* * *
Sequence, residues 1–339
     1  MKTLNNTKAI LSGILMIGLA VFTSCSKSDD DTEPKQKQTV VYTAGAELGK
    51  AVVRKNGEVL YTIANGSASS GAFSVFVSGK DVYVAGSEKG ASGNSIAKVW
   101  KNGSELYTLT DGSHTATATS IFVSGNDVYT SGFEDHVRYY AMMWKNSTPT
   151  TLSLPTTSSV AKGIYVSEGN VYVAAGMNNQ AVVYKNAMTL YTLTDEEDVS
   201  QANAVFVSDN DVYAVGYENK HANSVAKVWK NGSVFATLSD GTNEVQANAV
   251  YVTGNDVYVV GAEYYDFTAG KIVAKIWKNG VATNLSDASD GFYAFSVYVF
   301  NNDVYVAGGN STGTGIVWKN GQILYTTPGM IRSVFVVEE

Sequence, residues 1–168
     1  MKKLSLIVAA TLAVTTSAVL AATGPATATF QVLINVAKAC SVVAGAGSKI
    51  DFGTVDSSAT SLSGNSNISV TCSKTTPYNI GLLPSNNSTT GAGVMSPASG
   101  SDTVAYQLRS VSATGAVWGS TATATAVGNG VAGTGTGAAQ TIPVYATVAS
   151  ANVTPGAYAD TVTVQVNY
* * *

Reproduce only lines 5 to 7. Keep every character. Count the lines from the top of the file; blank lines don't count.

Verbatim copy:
   151  TLSLPTTSSV AKGIYVSEGN VYVAAGMNNQ AVVYKNAMTL YTLTDEEDVS
   201  QANAVFVSDN DVYAVGYENK HANSVAKVWK NGSVFATLSD GTNEVQANAV
   251  YVTGNDVYVV GAEYYDFTAG KIVAKIWKNG VATNLSDASD GFYAFSVYVF